Giroud is an excellent example of a Centre-forward. Always offering an outlet, and usually looking to feed others, his role at Arsenal, Chelsea and for the French national side has been one more akin to a playmaker, despite playing further forward.
Centre-forwards are encouraged to come deeper and help build attackers, epitomising the idea that ‘sometimes you have to go backwards to go forwards”.
While typical midfield playmakers are usually on the smaller side, most modern Centre-Forwards are much taller, physical players.
With this playstyle, height and strength are much more important than pace.
Sides operating with these sorts of forwards aren’t typically aiming to play killer balls through the middle, and instead play slower possession football, or look to play their killer balls to the wingers.
The Key Differences
While speed is much less important, they rely on a much larger toolkit than the classic striker.
The CF needs to be technically proficient, possessing great ball control and passing range. Strength and hold-up play is useful like it is for strikers, but by no means a necessity.
Famously, Lionel Messi enjoyed his most successful season operating in a Centre-Forward role, operating as a False-9 in Guardiola’s Barcelona.
I’m sure I don’t need to explain to you, that Messi wasn’t holding up long balls every game.
A centre-forward spends a lot of the game with their back to goal, and with so much emphasis on link-up play, they can often be seen as doing a poor job by fans due to a lack of goals.
But time and time again, we see managers defend and praise centre-forwards as brilliant despite a paltry goal tally.
Take Roberto Firmino, who in Klopp’s Premier and Champions League-winning Liverpool system was comfortably outscored by both Mane and Salah almost every season the trio played together.
He was the main forward, making at least 34 league appearances from 2016-2021, but only scored more than 12 league goals in a season once during his time at Anfield.
While for a striker his numbers were a little lacking, as a Centre-Forward he had accomplished his job masterfully, enabling Salah and Mane on the wings, as they flourished, Salah scoring upwards of 20 every season.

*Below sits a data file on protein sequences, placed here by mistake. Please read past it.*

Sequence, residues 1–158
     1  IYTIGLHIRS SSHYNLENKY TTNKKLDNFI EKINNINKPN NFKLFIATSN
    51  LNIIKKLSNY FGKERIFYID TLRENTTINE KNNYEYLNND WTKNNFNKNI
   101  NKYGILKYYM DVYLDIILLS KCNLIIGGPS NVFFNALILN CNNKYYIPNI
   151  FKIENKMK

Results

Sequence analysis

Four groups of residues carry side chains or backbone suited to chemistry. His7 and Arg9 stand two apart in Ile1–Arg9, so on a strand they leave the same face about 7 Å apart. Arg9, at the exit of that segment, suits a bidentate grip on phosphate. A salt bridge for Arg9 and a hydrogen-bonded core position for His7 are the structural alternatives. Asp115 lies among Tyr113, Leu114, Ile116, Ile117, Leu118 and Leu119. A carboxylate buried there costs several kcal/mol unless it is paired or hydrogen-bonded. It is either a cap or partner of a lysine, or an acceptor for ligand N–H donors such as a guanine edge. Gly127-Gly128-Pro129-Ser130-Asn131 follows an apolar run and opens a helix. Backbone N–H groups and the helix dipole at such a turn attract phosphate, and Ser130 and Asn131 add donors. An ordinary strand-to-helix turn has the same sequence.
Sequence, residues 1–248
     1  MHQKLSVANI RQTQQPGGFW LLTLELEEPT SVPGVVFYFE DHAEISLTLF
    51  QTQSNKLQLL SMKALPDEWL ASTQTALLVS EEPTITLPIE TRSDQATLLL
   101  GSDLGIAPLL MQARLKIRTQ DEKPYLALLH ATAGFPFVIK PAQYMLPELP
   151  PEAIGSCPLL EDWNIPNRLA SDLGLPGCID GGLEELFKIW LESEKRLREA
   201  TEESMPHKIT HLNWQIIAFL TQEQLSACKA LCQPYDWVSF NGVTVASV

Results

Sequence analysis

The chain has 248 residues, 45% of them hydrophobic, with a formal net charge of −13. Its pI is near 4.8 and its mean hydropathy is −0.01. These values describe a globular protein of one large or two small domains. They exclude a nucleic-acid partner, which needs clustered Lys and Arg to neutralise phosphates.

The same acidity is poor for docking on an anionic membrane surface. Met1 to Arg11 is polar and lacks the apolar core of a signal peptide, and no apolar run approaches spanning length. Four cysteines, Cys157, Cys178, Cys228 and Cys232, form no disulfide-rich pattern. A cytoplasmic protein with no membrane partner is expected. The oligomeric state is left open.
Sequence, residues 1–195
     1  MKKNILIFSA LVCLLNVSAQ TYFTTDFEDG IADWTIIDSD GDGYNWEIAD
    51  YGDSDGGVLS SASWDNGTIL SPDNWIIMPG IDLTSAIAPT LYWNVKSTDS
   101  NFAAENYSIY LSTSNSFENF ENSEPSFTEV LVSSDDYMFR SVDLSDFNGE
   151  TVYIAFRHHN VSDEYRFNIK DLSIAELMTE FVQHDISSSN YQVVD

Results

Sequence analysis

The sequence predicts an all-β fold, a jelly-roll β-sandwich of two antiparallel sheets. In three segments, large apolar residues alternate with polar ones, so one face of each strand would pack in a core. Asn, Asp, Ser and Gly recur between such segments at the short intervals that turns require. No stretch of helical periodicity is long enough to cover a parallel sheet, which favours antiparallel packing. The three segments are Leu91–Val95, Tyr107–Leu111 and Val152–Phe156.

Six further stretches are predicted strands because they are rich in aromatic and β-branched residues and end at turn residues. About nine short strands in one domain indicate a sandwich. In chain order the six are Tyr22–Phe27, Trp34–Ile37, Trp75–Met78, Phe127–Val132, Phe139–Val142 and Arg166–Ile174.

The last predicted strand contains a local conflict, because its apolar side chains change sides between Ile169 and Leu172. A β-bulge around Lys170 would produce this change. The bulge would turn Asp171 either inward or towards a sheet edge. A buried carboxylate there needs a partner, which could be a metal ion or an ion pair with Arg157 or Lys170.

Unlike in the days of old, where the wingers were there to feed balls into the forward, Firmino was feeding the wingers.
Since Firmino moved to Saudi Arabia, Liverpool has struggled to fill the gap Firmino left, as signs of their post-Firmino struggles were present in their lacklustre 22/23 season where he saw much less playing time.
In short, the key difference is the emphasis on playmaking ability. As they are further forward, and help build attacks already in motion, rather than provide the impetus to an attack like the traditional midfield playmaker, pace is far less important, as is dribbling.
But ball control is crucial. An immaculate first touch is integral to the success of the role in the modern game, especially with the ubiquity of relentless pressing.
They need to be much more analytical than the striker and play in teammates, focussing not just on where defenders are, but how they can help continue an attack.
As such, they have to think multiple steps ahead, needing the vision to see difficult passes and where a teammate is going to be before they’ve started to make a run in behind or to find space.
So, while sometimes used by people synonymously, the two terms are very different roles, and while they may look the same when you observe a team’s formation, the playstyle of the team dictates whether you’ll be seeing a striker or a Center-Forward.
Guardiola’s 4-2-3-1 with Haaland leading the line, sees Erling assume a very different role to the way Guardiola used Messi at Barca, or how both he and Protege Arteta have used Gabriel Jesus.